ILIANA PEREZ, ET AL V. DISCOVER BANK
Discover Bank seeks to compel Plaintiff to arbitrate her claims that Discover Bank unlawfully discriminated against her based on citizenship and immigration status when it denied her application for a consolidation loan for her student loan. Discover Bank argues that two arbitration agreements—one Plaintiff made in connection with the student loan and one she made in connection with the application for the consolidation loan—require arbitration here. The district court declined to compel arbitration, finding that neither agreement required arbitration. The Ninth Circuit affirmed the district court’s order declining to compel Plaintiff to arbitrate. The panel held that Discover Bank was judicially estopped from arguing that Perez did not opt out of the Discover Bank agreement. The panel determined that Discover Bank’s past position clearly contradicted its current position that the opt-out would only apply to Plaintiff’s future discrimination claims, Discover Bank persuaded the court to accept its previous position, and Discover Bank would derive an unfair advantage absent estoppel. Citing Revitch v. DIRECTV, LLC, 977 F.3d 713 (9th Cir. 2020), the panel further held that Perez and Discover Bank never formed an agreement to arbitrate her discrimination claims involving her application for a consolidation loan via the Citibank agreement. View "ILIANA PEREZ, ET AL V. DISCOVER BANK" on Justia Law
KENNETH HOLLEY-GALLEGLY V. TA OPERATING, LLC
Defendant-Appellant TA Operating LLC (TA) appeals the district court’s denial of its motion to compel arbitration of employment-related claims brought by Plaintiff. The Ninth Circuit vacated the district court’s order denying Defendant’s motion to compel arbitration. The panel held that the district court erred in finding that the arbitration agreement’s delegation clause was unenforceable because it was substantively unconscionable. The district court properly considered whether an “unrelated” jury waiver provision made the delegation clause unconscionable. Here, though, the jury waiver provision applied only if the Agreement were determined to be unenforceable. As such, it could not support the conclusion that an agreement to arbitrate enforceability (i.e., the delegation clause) was unenforceable. View "KENNETH HOLLEY-GALLEGLY V. TA OPERATING, LLC" on Justia Law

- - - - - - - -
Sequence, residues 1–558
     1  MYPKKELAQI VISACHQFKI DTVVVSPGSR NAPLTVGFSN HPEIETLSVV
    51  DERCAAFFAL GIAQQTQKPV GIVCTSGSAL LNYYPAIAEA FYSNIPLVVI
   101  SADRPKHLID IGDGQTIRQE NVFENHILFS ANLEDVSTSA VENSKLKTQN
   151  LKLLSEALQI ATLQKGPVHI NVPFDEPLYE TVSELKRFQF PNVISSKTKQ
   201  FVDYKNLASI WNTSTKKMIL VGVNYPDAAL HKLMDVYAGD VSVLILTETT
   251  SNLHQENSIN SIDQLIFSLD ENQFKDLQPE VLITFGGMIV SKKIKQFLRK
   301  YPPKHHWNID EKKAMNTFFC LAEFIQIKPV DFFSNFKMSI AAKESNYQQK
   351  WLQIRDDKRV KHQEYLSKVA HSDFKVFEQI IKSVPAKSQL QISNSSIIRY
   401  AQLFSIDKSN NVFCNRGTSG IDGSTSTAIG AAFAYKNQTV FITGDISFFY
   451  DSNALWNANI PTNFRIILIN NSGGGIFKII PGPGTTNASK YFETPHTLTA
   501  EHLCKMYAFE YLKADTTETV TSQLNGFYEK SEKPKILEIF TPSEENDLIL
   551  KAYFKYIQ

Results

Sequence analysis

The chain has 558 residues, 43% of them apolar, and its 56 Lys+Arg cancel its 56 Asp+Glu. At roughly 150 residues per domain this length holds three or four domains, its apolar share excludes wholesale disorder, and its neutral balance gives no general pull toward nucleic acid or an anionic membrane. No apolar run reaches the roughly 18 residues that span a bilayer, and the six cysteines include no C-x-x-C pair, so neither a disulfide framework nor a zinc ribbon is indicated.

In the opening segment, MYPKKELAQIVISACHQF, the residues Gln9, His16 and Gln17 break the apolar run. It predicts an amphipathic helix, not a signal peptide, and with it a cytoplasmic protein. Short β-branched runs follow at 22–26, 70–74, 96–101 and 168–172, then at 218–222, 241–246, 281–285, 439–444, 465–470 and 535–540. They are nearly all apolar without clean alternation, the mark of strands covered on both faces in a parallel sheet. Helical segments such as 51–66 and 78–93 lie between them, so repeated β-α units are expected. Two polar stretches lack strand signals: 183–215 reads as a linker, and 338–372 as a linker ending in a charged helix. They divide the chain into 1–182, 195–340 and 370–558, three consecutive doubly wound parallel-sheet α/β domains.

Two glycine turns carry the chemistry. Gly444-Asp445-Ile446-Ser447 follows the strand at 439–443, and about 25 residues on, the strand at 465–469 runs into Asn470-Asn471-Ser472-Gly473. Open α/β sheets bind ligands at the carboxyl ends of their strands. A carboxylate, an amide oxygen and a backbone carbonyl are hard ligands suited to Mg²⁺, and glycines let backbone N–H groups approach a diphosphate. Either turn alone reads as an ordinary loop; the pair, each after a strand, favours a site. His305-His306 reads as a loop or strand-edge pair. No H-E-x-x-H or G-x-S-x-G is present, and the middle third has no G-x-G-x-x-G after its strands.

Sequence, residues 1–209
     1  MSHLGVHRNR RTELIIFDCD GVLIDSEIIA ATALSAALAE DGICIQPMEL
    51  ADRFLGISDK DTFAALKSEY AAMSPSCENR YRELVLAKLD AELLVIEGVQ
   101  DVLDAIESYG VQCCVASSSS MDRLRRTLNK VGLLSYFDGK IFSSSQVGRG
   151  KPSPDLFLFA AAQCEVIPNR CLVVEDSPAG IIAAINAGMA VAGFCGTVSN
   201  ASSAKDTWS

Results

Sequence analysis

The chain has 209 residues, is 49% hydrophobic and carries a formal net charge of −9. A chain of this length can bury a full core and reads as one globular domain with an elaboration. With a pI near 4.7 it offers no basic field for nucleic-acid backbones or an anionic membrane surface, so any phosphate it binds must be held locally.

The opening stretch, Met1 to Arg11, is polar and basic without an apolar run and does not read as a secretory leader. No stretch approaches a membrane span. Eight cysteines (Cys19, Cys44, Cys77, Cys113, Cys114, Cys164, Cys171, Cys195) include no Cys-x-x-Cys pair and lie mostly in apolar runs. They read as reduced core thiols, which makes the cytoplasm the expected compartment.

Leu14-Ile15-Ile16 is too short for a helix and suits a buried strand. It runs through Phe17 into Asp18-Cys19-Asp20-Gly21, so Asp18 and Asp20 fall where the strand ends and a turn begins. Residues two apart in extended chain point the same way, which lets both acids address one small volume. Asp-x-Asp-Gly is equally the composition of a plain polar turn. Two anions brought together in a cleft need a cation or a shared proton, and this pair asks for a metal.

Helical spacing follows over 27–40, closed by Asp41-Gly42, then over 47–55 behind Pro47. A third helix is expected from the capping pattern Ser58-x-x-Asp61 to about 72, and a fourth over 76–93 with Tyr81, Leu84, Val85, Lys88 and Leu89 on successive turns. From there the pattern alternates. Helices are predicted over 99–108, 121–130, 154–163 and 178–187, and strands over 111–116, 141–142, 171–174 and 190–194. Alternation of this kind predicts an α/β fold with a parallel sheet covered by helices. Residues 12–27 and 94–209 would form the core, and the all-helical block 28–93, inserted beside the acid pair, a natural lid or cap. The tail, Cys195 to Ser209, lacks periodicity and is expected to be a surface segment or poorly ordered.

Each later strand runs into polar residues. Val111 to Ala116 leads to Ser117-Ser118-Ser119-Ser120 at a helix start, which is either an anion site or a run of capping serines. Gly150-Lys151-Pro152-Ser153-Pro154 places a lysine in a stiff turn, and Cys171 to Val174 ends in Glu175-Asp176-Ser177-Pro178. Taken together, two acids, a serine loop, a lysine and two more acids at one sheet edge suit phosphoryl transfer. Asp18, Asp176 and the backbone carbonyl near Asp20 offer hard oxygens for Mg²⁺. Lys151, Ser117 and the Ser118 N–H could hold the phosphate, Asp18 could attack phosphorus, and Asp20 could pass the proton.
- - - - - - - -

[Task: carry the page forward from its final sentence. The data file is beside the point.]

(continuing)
EDMOND CARMONA, ET AL V. DOMINO’S PIZZA, LLC
This is a putative class action by three truck drivers against their employer, Domino’s Pizza. The court previously affirmed the district court’s denial of Domino’s motion to compel arbitration, holding that because the drivers were a “class of workers engaged in foreign or interstate commerce,” their claims were exempted from the Federal Arbitration Act (“FAA”) by 9 U.S.C. Section 1. The Ninth Circuit affirmed the district court’s order denying Domino Pizza’s motion to compel arbitration in a putative class action brought by three Domino truck drivers, alleging violations of California labor law. The panel stated that its prior decision squarely rested upon its reading of Rittmann v. Amazon.com, Inc., 971 F.3d 904 (9th Cir. 2020), which concerned Amazon delivery drivers. The panel found no clear conflict between Rittmann and Saxon and nothing in Saxon that undermined the panel’s prior reasoning that because the plaintiff drivers in this case, like the Amazon package delivery drivers in Rittmann, transport interstate goods for the last leg to their final destinations, they are engaged in interstate commerce under Section 1. View "EDMOND CARMONA, ET AL V. DOMINO'S PIZZA, LLC" on Justia Law